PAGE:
This is all a terrible shame. For us, mainly. But also for Palin, whose intelligence and toughness may wind up buried under the legend of her verb-deprived ramblings.
Palin is, in many ways, a genuine heir to the women’s liberation movement of the 1970s, which tried to make sure that future generations of American women would grow up feeling they had every right to compete with men for all the best rewards and adventures the world had to offer. She never seems to have had a single doubt that she could accomplish whatever she set her mind to. When she got involved in politics, she used the time-honored male route of cultivating powerful mentors, then pushing them out of the way at the first possible opportunity. When she was governor, she did what very few female politicians do, and ignored all the subsidiary issues in order to put all her bets on one big policy payoff in the form of a new state energy policy.
Then, somehow, she concluded that her success in clawing her way to the top of Alaska’s modest political heap meant she was capable of running the United States.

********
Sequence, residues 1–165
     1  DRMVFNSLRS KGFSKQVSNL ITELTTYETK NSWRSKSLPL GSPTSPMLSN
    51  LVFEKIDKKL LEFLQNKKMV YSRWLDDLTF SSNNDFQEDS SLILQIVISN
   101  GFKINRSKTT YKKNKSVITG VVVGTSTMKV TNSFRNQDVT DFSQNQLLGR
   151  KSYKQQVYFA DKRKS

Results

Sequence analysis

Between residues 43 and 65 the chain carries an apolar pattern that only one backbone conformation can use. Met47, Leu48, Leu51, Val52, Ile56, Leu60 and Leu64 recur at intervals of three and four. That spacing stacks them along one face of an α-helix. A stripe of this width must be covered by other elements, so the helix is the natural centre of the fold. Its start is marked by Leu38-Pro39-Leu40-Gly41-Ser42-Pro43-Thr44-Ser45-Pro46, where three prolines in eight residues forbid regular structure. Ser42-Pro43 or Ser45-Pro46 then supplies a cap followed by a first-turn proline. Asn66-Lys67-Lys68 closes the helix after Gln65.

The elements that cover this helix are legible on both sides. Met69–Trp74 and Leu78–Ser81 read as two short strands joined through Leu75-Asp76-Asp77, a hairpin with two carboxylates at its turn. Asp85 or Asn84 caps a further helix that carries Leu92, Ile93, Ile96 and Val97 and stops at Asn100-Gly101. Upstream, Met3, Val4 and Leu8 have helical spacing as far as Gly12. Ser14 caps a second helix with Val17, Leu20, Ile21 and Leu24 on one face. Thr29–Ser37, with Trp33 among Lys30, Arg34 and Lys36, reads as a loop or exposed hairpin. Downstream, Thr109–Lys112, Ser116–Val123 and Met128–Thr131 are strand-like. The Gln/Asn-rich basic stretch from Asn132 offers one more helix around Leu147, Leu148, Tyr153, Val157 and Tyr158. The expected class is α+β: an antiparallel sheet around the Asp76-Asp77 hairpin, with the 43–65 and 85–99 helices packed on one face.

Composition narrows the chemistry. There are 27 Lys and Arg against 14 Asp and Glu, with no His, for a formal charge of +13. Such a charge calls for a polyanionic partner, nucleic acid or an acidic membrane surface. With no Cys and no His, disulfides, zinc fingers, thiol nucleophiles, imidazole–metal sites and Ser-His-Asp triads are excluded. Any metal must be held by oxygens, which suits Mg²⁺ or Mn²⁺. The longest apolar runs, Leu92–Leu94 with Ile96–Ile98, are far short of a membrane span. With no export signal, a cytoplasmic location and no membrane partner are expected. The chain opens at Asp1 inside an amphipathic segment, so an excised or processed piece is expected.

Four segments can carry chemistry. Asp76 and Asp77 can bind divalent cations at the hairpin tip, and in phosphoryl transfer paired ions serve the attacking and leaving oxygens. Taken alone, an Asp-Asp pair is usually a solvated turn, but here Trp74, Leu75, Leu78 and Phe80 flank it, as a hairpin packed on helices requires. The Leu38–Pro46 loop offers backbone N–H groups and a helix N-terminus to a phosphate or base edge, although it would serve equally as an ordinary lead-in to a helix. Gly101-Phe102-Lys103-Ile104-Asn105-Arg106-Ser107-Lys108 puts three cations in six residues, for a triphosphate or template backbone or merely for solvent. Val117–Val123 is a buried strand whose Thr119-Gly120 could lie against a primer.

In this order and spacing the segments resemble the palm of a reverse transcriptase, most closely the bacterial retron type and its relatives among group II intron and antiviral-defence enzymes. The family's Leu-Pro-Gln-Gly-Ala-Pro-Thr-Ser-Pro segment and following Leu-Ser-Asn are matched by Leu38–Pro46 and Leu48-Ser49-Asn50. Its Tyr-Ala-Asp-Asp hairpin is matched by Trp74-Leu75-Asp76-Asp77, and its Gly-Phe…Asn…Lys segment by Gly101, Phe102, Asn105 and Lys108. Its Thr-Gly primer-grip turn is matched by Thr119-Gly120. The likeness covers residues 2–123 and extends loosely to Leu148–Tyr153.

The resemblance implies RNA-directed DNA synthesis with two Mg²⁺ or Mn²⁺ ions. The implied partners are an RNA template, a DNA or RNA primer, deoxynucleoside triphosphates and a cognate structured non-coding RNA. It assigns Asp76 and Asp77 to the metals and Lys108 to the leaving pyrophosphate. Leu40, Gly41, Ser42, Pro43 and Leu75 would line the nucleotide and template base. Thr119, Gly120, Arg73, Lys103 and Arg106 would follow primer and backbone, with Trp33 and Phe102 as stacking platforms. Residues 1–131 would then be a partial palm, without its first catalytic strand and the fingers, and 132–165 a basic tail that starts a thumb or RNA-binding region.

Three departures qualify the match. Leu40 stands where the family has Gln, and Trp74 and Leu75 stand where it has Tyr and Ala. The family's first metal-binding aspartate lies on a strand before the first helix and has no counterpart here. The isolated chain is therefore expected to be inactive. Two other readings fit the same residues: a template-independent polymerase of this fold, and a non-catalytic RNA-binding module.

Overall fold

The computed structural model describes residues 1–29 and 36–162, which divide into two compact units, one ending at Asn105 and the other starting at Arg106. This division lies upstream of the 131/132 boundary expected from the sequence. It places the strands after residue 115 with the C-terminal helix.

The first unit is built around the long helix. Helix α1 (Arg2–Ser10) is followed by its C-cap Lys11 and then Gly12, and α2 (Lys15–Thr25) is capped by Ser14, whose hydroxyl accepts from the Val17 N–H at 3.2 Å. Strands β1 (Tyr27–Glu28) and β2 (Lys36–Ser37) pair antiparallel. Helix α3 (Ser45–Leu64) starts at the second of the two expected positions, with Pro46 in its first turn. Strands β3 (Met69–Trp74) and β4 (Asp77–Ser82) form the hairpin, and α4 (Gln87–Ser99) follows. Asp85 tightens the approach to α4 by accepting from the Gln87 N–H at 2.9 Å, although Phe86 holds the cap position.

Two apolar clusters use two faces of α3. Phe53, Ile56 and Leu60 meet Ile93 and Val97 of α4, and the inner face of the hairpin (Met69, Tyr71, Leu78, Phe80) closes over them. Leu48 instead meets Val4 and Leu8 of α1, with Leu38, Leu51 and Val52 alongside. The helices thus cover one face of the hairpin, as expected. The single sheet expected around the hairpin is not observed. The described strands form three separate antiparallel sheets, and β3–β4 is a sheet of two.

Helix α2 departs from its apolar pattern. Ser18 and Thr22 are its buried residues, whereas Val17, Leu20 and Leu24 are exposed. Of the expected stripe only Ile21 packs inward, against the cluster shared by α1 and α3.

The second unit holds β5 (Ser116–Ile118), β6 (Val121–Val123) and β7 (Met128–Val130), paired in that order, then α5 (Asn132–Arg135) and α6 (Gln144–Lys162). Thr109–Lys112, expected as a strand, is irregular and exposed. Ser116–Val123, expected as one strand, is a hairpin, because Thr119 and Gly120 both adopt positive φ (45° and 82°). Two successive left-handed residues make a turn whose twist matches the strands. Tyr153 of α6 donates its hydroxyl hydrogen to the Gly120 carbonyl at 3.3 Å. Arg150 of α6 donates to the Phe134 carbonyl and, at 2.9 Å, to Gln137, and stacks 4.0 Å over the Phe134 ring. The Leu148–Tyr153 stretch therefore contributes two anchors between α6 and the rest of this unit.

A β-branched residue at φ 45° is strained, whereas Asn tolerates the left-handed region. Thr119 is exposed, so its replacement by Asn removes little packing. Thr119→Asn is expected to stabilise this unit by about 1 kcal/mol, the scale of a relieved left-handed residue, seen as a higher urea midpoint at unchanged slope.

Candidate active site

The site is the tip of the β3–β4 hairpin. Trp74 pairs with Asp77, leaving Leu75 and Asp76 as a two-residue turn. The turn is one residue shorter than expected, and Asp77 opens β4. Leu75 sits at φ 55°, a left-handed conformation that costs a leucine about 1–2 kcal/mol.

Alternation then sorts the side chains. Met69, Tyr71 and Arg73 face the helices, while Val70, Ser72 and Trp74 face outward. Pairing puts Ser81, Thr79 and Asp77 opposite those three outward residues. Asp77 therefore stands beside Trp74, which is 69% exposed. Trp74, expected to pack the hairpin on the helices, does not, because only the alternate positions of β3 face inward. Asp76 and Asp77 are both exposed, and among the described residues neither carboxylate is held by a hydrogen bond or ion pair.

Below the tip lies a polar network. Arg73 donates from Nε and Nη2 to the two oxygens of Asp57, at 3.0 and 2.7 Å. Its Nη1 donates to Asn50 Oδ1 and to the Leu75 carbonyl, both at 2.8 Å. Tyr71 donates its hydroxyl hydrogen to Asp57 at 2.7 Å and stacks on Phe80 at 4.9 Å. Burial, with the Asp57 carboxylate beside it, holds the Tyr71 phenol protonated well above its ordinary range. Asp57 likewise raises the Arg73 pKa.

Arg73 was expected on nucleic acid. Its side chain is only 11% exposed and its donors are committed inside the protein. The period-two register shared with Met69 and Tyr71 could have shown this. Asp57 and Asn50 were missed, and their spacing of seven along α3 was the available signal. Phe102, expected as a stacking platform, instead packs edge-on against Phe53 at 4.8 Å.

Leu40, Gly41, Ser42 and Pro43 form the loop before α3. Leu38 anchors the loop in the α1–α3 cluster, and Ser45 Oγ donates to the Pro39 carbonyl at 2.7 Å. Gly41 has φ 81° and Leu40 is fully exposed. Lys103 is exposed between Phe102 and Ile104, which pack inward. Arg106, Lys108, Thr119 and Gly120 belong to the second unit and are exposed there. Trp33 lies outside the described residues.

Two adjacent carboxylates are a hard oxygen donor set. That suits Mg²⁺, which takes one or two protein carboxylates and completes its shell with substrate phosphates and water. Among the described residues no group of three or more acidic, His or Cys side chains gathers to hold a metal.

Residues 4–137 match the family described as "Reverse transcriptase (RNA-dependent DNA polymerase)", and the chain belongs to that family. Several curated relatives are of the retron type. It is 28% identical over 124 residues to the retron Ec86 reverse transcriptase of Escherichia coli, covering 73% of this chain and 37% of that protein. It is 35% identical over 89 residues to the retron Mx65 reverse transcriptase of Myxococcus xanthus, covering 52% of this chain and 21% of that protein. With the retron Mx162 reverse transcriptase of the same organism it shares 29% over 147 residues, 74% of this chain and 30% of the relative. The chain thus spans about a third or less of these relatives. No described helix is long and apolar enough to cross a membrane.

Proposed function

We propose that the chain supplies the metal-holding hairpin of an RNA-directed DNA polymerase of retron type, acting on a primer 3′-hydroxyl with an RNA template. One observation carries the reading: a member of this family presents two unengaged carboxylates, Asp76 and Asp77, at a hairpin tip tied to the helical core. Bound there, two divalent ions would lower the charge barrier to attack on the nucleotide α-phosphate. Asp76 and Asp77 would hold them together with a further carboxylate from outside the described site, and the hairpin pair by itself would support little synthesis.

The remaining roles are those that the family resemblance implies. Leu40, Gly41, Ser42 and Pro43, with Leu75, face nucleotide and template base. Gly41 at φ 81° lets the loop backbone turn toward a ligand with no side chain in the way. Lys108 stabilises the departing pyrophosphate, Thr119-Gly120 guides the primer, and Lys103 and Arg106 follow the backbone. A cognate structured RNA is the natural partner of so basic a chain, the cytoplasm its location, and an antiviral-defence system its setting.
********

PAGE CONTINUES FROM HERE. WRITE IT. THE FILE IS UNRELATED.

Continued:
This entire election season has been a long-running saga about the rise of women in American politics. On Thursday, it all went sour. The people boosting Palin’s triumph were not celebrating because she demonstrated that she is qualified to be president if something ever happened to John McCain. They were cheering her success in covering up her lack of knowledge about the things she would have to deal with if she wound up running the country
Saturday, October 04, 2008
Gail and Sarah
As we get ready to talk in terms of gender, Gail Collins sees the whole Palin episode in very conflicted terms.
Posted by Printer's Devil at 2:01 PM